5. Really thought provoking with some great examples. Relating to my own personal expriences, each of these experiments proves true in my own pricing evaluations and thought process. I especially like the beer on the beach example (on multiple levels:-). The anchor in the real estate pricing example was interesting as well. Thanks for sharing.

  6. Very nice. Perception plays such a huge role in pricing. People are always benchmarking and rationalizing the price off against some other expenditure. Unfortunately for me that is usually beer…which isn’t cheap :)

  7. Thanks for sharing your experience. Already knew some and learnt about others. I loved the fact you used concrete examples to demonstrate your points

  8. Great post. Regarding the final recommendation however: what can you do if you really have only one product without an easy way to ‘package’ it differently?

    1. Package yourself differently. Or whatever they see between themselves and the purchase of the product.

    2. Can you expand or cite an example of this Cliff? I am presently in the same boat as Yoav. I have a tablet bag company and we are in the midst of launching our first product. It’s our only product in the next 6 months.

      Thanks ahead of time.

    3. Depending on the product, you can add extra bonuses or support levels..

      Support ticket, email, telep he support.

      Upgrade to Done For You option.

      What else could you value-add to price differentiate?

  9. Great article. I really liked it. Thorough and complete. I’ll definitely be referencing this when people start to talk to me about pricing or ‘testing’ their pricing. I’m also going to follow you now :)

  10. That was very informative. Way to go!

  11. Pricing is something I’m working through right now. This was great.

  12. Thanks for the piece. very well researched. I’ll be using it as a reference!

  13. I wonder if when you suggested we could download a PDF that you had included a ‘pay what you like’ field, you would have made some $$? After the good feeling of reading this great piece I would have stuck at least a dollar on it. All the good Radiohead fans did, and you clearly spent time researching this and working hard to inform your readers. (Just my $0.02) ;)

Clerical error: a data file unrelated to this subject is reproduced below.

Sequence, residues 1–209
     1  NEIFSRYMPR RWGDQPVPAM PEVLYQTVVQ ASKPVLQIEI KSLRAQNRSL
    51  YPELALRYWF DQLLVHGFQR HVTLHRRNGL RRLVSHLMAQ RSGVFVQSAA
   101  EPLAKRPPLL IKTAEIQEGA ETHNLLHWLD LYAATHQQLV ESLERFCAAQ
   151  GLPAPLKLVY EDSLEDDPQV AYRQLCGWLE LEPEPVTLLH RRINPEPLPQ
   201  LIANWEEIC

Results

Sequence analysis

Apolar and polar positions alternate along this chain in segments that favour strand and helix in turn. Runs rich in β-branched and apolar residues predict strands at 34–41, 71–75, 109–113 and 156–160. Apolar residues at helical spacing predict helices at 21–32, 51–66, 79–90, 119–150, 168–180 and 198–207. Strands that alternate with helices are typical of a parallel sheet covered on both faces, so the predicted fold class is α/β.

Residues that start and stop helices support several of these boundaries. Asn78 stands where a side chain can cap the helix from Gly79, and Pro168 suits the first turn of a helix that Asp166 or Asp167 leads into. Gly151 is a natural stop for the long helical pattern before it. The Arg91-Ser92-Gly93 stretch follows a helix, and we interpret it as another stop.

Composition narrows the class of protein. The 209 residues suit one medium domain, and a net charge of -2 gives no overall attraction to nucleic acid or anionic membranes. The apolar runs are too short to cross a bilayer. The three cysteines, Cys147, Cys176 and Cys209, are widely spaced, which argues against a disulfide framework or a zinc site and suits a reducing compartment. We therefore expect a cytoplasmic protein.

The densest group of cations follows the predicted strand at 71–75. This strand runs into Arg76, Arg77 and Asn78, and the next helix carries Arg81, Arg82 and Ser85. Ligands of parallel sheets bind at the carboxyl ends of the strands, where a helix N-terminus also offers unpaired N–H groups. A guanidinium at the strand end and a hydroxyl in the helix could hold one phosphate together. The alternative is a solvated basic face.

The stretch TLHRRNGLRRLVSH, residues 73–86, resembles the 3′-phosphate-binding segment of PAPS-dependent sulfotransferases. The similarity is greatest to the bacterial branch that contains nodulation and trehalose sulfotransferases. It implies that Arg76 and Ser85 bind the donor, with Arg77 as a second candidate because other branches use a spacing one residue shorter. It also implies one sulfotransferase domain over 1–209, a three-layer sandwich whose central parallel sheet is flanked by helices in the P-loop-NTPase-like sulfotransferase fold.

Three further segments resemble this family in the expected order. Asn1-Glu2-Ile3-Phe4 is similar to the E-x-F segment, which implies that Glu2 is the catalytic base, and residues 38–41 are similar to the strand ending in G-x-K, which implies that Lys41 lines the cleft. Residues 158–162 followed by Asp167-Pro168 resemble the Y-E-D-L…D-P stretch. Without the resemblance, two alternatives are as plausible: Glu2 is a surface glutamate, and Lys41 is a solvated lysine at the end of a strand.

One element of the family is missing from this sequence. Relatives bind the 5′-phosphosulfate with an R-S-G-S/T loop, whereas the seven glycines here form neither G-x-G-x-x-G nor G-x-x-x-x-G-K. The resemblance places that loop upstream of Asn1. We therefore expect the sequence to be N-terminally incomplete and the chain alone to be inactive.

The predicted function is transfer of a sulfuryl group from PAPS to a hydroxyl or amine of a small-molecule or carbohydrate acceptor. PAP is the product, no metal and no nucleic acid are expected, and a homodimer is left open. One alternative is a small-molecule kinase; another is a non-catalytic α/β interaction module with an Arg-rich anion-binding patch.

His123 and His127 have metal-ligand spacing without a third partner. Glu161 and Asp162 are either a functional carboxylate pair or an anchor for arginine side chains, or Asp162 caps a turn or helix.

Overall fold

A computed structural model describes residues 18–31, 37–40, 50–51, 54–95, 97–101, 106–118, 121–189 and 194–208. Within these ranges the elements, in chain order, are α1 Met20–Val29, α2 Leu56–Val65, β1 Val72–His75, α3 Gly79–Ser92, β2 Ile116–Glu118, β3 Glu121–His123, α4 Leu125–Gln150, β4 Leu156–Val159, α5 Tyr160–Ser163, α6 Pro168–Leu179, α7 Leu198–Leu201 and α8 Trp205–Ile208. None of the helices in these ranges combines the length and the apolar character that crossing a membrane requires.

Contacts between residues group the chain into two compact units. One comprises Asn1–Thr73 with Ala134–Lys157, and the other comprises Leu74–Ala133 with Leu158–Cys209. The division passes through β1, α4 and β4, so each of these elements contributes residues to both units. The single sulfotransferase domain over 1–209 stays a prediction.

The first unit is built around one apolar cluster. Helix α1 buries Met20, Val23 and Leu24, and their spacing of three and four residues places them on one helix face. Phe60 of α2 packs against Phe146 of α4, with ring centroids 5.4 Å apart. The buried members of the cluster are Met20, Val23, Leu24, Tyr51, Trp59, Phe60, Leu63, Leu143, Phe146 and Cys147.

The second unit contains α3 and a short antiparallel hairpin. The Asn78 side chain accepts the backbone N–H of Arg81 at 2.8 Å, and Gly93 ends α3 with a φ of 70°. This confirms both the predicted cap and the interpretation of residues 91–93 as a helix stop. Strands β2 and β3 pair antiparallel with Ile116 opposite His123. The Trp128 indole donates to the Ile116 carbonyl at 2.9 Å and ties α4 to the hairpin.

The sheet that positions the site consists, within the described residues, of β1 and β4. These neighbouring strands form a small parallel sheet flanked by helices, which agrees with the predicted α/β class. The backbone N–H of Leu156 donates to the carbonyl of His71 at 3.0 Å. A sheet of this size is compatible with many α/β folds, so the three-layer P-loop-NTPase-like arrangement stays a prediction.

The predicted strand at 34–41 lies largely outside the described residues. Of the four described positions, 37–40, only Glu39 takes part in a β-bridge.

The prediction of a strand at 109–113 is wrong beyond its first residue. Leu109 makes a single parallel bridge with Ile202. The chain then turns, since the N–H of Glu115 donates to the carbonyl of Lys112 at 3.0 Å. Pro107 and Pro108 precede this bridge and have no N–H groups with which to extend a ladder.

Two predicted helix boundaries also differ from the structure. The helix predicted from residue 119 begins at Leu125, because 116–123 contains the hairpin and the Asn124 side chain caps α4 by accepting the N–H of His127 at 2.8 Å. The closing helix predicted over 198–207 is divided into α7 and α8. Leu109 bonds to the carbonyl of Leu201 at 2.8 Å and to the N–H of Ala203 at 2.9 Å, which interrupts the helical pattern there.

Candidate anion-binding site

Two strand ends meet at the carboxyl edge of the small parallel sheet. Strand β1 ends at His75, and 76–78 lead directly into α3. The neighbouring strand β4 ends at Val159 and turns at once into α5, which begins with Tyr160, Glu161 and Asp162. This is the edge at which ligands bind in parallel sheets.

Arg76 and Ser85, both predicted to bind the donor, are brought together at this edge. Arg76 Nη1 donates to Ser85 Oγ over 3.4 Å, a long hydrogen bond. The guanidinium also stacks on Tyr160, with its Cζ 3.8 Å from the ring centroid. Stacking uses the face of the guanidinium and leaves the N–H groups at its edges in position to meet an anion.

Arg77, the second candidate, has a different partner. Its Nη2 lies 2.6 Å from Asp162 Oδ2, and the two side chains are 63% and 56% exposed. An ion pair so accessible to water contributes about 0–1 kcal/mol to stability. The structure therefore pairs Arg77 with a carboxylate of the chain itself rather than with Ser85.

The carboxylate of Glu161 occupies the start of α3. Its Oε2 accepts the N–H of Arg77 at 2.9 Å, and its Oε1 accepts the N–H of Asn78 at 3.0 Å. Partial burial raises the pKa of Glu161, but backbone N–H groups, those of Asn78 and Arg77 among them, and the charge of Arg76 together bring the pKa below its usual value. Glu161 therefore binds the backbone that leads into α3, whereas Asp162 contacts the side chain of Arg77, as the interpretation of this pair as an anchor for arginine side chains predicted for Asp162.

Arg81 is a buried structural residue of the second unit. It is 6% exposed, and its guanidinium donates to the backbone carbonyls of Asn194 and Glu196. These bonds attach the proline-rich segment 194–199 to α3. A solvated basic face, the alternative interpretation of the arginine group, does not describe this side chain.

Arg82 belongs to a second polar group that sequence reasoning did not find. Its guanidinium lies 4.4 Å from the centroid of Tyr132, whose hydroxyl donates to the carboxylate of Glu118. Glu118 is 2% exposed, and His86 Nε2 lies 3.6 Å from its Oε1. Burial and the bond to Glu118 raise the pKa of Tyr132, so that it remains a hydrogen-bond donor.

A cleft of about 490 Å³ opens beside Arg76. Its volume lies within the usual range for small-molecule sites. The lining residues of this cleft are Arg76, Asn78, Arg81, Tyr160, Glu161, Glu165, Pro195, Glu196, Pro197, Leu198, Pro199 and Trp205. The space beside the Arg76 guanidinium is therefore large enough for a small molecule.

14. Thanks Peep, useful research.

    I always ponder in amazement how people are willing to pay $50 and upwards for an eBook but balk at paying $20 for a physical book.

    So much psychology!

  15. Thanks much for such valuable information, i would add (maybe to the number 4) following also the contrast principle that your expensive package should be first on the list.(of the three)

    best and thanks again!

  16. I don’t believe i read this whole article in english (i’m french), but it was very interesting and make me think about my real estate business. I would be happy to traduce it on my blog “500k”, so if you would be happy to be traduce on a french blog, make me known it. bye and i bookmark your site & tweet this.

  17. Great value article. The stand outs for me were “Can I split test the price?” and “They changed the experience of buying coffee, so the perception of what people were getting, changed.” it is all in the way of how you package it.

  18. Great article. We’ve done a lot of price testing. One comment: Dan Ariely’s “Economist” experiment is bogus. We tried that – on real people vs. his hypothetical – and found the decoy price makes no difference. Even the Economist doesn’t price that way any more.

  19. Great reading! This will be very useful in my everyday work

    Thank you!

  20. Wonderfully written! Wow. So helpful and easily applicable. I really appreciate this. Thank you!

  21. This was well thought out and very very useful. Thank you!